ASIS International – With more than 34,000 members, ASIS is the largest international organization for professionals responsible for security, includi ng managers and directors of security. In addition, corporate executives and other management personnel, as well as consultants, architects, attorneys, and federal, state, and local law enforcement, are becoming involved with ASIS to better understand the constant changes in security issues and solutions.

ASIS is dedicated to increasing the effectiveness and productivity of security practices by developing educational programs and materials that address br oad security concerns, such as the ASIS Annual Seminar and Exhibits, as well as specific securi ty topics. By providing members and the security community with access to a full range of progra ms and services, and by publishing the only monthly magazine focused strictly on the issues and concer ns of security, Security Management, ASIS leads the way for advanced and improved security performance.

Annual Membership Fee: $150.00

Good

source

for

automated

information systems security plans and links to Defense Security Service and FSO topics.

Annual Membership Fee: None

Chief Security Officer (CSO) – A resource for security executives. Annual Membership Fee: None

Extranet for Security Professionals (XSP) – An ‘on-line’ tool for security professionals to collaborative and discuss issues of common interest. All information is 128 bit encrypted and the XSP operated at a “FOR OFFICIAL USE ONLY” level. Registration is limited to individuals who hold at least a Secret security clearance. Alth ough no classified information may be placed on the network, everyone with access to the network is a cleared individual. Some useful features include a collaboration realm where questions may be posed to and answered by the XSP community, posting of the latest versions of government regulations, manuals, and forms, a bulletin board for job posting, recruiting, equipment sharing, and general it ems of interest, and a calendar of security related events.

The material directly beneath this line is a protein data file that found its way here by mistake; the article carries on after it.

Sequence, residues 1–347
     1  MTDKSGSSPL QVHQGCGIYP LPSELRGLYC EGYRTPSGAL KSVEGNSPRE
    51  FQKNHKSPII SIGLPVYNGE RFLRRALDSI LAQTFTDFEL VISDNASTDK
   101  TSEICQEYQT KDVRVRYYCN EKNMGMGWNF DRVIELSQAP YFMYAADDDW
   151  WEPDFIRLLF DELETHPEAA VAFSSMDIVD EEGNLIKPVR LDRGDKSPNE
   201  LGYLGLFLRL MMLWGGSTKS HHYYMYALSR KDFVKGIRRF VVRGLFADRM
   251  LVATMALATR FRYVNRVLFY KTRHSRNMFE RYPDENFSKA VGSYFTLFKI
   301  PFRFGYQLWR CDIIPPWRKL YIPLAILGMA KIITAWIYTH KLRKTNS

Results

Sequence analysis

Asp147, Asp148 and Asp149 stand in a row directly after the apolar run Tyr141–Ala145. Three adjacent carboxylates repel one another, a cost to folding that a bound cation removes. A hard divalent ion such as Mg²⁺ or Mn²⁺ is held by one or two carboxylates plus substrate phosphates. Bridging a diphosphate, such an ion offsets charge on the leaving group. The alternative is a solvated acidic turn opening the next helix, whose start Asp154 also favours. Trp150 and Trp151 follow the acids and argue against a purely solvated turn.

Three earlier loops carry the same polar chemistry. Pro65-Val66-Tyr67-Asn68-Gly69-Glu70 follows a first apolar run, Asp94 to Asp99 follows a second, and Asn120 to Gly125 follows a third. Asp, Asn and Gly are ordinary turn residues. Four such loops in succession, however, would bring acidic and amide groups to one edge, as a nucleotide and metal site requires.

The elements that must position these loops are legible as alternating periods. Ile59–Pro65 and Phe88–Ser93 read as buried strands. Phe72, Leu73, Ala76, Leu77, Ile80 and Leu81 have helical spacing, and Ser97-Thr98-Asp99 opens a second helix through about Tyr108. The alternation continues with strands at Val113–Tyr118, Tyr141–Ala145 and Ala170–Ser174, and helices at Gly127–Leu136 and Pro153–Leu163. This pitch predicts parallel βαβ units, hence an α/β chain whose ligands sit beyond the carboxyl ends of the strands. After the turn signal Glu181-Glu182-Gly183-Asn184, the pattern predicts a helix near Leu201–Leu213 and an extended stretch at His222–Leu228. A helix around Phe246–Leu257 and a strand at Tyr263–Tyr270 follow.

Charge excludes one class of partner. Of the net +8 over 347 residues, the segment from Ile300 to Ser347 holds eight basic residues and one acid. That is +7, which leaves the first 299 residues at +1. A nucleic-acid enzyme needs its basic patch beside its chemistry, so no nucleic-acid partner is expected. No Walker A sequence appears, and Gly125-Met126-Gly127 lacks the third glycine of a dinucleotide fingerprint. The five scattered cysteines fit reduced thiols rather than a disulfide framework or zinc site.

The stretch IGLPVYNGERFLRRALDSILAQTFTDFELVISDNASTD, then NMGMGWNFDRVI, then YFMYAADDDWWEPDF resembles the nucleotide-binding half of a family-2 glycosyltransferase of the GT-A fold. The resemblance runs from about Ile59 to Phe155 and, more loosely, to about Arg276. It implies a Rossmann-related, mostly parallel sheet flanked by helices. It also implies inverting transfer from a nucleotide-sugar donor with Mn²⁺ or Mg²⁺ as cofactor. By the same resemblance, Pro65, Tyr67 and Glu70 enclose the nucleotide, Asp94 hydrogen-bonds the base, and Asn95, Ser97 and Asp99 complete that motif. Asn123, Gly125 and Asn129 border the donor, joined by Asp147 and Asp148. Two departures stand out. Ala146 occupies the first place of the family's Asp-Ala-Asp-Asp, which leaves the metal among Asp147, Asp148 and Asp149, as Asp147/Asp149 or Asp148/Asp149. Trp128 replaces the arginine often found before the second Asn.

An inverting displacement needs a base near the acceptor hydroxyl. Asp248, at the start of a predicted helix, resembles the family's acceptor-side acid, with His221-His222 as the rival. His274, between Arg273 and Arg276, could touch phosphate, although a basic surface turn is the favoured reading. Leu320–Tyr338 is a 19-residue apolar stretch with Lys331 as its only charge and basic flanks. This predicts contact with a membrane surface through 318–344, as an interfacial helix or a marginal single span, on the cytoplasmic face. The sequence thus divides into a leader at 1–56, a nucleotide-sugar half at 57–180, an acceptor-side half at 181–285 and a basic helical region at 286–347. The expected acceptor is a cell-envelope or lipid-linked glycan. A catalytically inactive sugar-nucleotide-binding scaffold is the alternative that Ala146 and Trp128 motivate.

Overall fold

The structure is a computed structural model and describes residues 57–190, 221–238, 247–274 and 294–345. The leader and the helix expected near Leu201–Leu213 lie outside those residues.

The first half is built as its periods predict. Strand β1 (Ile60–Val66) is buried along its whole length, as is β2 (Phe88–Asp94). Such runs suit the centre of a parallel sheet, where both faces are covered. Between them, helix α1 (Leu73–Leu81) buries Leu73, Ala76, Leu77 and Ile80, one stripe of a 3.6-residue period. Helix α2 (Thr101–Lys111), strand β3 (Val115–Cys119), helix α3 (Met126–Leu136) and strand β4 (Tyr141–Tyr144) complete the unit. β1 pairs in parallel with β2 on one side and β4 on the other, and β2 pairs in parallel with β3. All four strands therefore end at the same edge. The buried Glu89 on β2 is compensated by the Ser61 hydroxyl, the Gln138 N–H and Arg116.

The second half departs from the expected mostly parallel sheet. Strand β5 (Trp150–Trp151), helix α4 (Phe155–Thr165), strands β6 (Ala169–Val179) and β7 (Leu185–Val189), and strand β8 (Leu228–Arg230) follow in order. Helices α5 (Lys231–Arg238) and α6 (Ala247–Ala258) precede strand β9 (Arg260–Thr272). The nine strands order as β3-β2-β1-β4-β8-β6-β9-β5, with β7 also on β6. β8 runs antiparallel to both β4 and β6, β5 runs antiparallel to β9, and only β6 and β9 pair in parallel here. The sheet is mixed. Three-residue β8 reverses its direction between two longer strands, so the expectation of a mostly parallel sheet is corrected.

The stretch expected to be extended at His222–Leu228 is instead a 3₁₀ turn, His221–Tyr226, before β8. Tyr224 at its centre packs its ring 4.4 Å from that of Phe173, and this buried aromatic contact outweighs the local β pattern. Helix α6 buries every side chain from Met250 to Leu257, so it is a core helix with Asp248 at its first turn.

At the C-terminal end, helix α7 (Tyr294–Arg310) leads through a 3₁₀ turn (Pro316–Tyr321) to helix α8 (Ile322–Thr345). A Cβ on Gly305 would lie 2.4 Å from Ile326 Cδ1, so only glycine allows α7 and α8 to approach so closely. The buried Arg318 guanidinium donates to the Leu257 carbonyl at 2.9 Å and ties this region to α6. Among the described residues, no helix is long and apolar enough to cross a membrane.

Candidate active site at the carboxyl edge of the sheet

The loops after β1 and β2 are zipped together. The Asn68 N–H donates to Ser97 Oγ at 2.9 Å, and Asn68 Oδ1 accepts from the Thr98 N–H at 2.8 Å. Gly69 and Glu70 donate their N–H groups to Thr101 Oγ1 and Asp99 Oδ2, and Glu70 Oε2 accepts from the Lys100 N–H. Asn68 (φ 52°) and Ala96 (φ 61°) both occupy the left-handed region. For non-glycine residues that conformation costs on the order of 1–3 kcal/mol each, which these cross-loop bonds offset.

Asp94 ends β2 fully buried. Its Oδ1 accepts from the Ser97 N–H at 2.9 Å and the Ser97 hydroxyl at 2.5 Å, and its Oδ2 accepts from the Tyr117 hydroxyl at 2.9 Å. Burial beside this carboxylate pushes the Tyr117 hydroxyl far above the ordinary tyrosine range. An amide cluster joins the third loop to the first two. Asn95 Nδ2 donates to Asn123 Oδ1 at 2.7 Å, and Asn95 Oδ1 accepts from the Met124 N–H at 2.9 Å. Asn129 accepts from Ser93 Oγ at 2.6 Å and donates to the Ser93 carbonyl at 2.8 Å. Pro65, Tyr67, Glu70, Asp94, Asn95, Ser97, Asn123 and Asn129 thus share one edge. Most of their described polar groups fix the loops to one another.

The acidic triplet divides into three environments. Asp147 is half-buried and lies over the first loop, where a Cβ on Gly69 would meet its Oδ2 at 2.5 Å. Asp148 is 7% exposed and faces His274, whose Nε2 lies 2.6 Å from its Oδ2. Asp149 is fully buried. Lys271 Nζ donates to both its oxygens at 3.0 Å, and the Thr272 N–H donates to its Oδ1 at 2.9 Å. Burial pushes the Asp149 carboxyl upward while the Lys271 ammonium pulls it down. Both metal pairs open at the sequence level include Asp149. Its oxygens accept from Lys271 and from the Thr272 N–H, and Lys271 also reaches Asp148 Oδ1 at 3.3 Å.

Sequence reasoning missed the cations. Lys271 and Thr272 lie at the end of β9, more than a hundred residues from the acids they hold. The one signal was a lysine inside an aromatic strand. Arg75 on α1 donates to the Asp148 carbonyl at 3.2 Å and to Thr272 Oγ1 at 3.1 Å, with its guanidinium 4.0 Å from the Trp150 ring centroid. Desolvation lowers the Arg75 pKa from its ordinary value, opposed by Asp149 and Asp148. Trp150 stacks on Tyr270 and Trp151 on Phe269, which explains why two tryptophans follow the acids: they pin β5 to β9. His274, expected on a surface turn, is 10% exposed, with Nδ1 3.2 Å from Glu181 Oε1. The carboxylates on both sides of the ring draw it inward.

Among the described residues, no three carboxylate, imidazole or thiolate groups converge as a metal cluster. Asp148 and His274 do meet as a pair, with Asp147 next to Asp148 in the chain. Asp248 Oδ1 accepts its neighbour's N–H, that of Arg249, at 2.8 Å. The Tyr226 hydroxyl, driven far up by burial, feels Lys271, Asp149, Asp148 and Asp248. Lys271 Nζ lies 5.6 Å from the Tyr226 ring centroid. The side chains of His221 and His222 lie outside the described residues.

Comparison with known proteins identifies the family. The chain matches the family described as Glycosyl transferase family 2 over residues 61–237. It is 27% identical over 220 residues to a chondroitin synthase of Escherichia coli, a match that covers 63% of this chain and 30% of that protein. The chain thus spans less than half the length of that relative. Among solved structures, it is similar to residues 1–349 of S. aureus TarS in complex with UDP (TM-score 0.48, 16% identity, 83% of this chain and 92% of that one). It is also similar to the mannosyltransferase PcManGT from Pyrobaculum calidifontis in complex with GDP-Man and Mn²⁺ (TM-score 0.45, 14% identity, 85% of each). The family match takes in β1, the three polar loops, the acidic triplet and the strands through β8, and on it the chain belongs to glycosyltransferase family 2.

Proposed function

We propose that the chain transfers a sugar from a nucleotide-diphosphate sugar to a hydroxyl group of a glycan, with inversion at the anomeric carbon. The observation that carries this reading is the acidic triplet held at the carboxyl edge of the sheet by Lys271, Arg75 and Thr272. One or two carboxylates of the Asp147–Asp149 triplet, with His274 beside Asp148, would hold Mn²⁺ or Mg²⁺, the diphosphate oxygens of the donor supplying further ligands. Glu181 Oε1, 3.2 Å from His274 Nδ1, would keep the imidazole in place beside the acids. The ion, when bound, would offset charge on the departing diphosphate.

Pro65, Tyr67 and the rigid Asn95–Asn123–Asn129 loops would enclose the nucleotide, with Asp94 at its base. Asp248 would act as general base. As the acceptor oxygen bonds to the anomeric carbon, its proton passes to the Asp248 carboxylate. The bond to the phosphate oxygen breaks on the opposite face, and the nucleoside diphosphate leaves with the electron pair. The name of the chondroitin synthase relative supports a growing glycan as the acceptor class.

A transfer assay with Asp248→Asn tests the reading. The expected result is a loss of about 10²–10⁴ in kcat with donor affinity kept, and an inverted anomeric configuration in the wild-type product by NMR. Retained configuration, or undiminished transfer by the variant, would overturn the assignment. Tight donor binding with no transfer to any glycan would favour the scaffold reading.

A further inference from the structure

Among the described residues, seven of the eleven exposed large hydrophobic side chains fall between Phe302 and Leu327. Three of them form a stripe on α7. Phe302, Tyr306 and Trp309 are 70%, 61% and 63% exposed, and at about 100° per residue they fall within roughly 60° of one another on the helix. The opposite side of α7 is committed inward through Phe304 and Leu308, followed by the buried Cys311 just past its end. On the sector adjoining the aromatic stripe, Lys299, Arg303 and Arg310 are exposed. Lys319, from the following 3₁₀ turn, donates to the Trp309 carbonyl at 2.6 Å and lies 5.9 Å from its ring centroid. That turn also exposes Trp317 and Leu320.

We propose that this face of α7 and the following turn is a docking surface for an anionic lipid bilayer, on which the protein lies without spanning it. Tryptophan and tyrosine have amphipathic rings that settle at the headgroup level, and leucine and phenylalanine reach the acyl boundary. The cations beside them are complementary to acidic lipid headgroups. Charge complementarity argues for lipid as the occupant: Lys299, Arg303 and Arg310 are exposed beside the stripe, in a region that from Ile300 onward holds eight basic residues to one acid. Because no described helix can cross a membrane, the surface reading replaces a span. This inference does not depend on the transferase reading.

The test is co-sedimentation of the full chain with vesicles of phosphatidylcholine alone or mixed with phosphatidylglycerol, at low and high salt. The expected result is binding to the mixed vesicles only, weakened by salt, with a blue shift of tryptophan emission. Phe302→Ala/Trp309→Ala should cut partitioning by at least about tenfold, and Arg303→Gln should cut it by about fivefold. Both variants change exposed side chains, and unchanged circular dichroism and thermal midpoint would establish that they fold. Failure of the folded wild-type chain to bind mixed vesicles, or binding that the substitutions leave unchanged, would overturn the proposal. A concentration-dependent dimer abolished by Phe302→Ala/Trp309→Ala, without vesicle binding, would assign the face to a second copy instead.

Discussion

Annual Membership Fee: None

Homeland Security Information Network (HSIN) – Critical Infrastructure Pilot. Annual Membership Fee: None

Industrial Security Working Group (ISWG) – Separate community on OPMIS/XSP. A working group of industrial security directors and mangers involved with SCI programs and the Intelligence Community. ISWG collaborates and directly interact s with IC agencies establishing national security

ASIS International Critical Infrastructure Resource Guide

35

[Return to Table of Contents]

Defense Industrial Base Sector

policies and directives. Meetings always include the most senior level government security directors from all IC agencies. Minimum access requirement for participation is TS/SI/TK. Participants are typically the Security Directors or most senior security officials from companies working on IC contracts. Meetings are held at a classified leve l. National ISWG meetings alternate between East Coast and West Coast companies with facilities large enough to host gatherings of 200-300 attendees.

Annual Membership Fee: None

National Classification Management Society (NCMS) – NCMS was founded in 1964 by a group of government & industry security classifica tion managers and administrators recognizing the importance of establishing a national scope societ y to advance the practice of Classification Management as a profession.

Today, the Society has nearly 2,000 members in the United States and overseas including representatives from NATO countries. Within t he U.S., members come from the Department of Energy, Department of Defense, Department of State, National Aeronautics and Space Administration, Federal Bureau of Investigation, National Security Agency, General Accounting Office--virtually every Federal agency that deals with classification--and from the civilian contractors who work with these agencies. As the Society ha s grown over the years, its focus has also expanded. NCMS now provides professional devel opment for its members in the field of classification management, information security, per sonnel security, computer security, operations security (OPSEC), facility security, and technology security.

Annual Membership Fee: $60.00

ASIS International Critical Infrastructure Resource Guide

36

[Return to Table of Contents]

Drinking Water and Water Treatment Sector

7.0 Drinking Water and Water Treatment Sector

7.1 Sector Overview